Overview of Identical Twins

How They Develop and How They Are Different

Twin boys lying on the grass
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A general stereotype about identical twins is that they are clones. They act alike, look alike, and are expected to be "identical." However, the term "identical twins" actually describes how the twins form, not what they look like.

What Are Identical Twins?

Identical twinning is officially described as monozygotic. Monozygotic twins form from a single (mono) fertilized egg (zygote). The zygote splits into two parts after conception, resulting in the development of two individual embryos. Because the two embryos are the result of a single egg/sperm combination, they have the same genetic origins and thus the same DNA.

Dizygotic twins (often referred to as fraternal), are the result of two eggs fertilized by two separate sperm. Although most women only release a single egg in an ovulation cycle, sometimes multiple eggs are released. Dizygotic twins share about 50% of their genetic traits, the same as any other siblings born at different times.

Twin Facts

Interesting facts about identical twins include:

  • Birth rates for identical twins are consistent across populations; it is the same regardless of race, geography or maternal age.
  • Birth rate statistics for identical twinning have remained stable over the years, despite the overall increase in twins and multiples since the late 1980s. The odds of having identical twins is about 3 in 1,000, whereas the birth rate for all twins is about 33 in 1,000.
  • Identical twinning when undergoing in vitro fertilization (IVF) is reported to be twice as frequent as with natural conception.
  • Identical twins represent about a third of all twins. Dizygotic twins are twice as common as monozygotic.
  • The causes of monozygotic twinning are generally unknown and unidentified. No one really knows why an egg splits; technically it's a malfunction of the normal development process.
  • There's no hereditary trait that makes it more likely for you to have identical twins. Identical twins do not run in families. Although there are families with a high incidence of identical twins, it is due to chance, coincidence, or plain good luck.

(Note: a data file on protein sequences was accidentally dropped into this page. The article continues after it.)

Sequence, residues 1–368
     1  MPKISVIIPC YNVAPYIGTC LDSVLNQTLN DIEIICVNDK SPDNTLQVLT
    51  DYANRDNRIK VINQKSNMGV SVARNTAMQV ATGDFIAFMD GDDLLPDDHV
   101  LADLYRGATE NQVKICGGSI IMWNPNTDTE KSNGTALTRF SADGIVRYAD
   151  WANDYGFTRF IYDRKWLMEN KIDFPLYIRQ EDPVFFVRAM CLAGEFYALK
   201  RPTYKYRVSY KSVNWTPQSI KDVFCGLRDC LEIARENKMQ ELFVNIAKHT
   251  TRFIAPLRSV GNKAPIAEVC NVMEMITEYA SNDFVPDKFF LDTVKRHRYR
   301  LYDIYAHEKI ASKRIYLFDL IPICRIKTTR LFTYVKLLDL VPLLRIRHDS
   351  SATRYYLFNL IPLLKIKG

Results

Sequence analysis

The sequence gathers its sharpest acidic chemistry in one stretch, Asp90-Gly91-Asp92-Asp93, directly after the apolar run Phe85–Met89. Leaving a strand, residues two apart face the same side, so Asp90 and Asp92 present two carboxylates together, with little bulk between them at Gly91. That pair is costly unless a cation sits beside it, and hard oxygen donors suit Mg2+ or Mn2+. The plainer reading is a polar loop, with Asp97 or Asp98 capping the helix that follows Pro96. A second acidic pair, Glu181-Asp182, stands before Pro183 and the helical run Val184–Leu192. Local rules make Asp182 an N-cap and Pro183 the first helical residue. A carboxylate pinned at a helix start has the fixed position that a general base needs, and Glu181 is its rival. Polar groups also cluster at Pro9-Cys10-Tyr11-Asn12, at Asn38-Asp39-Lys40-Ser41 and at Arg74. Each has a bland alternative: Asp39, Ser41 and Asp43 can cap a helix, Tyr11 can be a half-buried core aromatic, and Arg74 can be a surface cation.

Despite their shared gene set, identical twins are unique individuals. No two individuals are exactly alike. They are influenced by slight differences in the environment in the womb as well as other factors once they are born. 

Semi-Identical Twins

A new type of twinning was identified in 2007. It occurs very rarely when two sperm fertilizes a single egg which then splits. Thus, the twins share the same DNA from their mother but each gets a slightly different version of their father's DNA.

Gender of Identical Twins

Identical twins are either two girls or two boys. There is a rare exception to this rule that involves a chromosomal defect.  

Sharing a Placenta

Even many doctors will mistakenly identify twins as fraternal because there are two placentas. It depends on when the egg splits. If it is early enough, the two embryos will implant separately in the uterus and develop individual placentas. If the split occurs later, they may share a placenta.

Medical Concerns

Some types of monozygotic twins do experience conditions which put them at risk during pregnancy. Twins who share a placenta may be at risk for twin-to-twin transfusion syndrome. "Mo-Mo" twins (monochorionic/monoamniotic) are contained in a single amniotic sac, and their umbilical cords may become entangled and compressed.

How to Know if They're Identical or Not?

You can't necessarily tell by looking. Although many identical twins share a physical resemblance, so do many dizygotic (fraternal) twins. Clues to zygosity can be revealed in many ways, many of them relying on observations by the doctor, blood testing, or genetic testing.

Telling Identical Twins Apart

While many identical twins do look alike, they're not necessarily indistinguishable. Physical cues like hairstyle, moles or freckles and their unique expressions or gestures provide clues to tell twins apart. Many people wonder whether fingerprinting can be used to distinguish between two twins who look remarkably alike. The answer, surprisingly, is yes. While their fingerprints will be similar, tiny differences in the womb environment result in each having a different set of fingerprints.

ESP and Secret Languages

Many people believe that identical twins share a special connection, including the ability to read each other's minds. Some also think twins develop their own language with each other. Terms such as idioglossia, autonomous language or cryptophasia describe the phenomenon of twin language, a fascinating concept that has intrigued researchers and parents alike.

Should They Be in the Same Class?

Every parent should work with their school to determine the optimal classroom placement for their children. It can be a difficult decision.

Should They Have the Same Friends?

With a similar genetic background, many identical twins find that they have the same preferences for establishing relationships. They may share many of the same friends. But all twins should be encouraged as individuals and given opportunities to develop relationships as such.

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7 Sources
Verywell Family uses only high-quality sources, including peer-reviewed studies, to support the facts within our articles. Read our editorial process to learn more about how we fact-check and keep our content accurate, reliable, and trustworthy.
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